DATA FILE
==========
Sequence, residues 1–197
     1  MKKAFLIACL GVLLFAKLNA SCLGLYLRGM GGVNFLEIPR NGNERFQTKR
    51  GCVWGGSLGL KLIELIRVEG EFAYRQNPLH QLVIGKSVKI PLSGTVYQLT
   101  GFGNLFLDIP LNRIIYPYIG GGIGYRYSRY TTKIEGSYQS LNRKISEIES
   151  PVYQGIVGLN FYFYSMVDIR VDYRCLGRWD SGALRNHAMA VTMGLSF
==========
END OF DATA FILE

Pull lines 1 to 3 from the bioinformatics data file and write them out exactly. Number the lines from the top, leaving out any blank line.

Sequence, residues 1–197
     1  MKKAFLIACL GVLLFAKLNA SCLGLYLRGM GGVNFLEIPR NGNERFQTKR
    51  GCVWGGSLGL KLIELIRVEG EFAYRQNPLH QLVIGKSVKI PLSGTVYQLT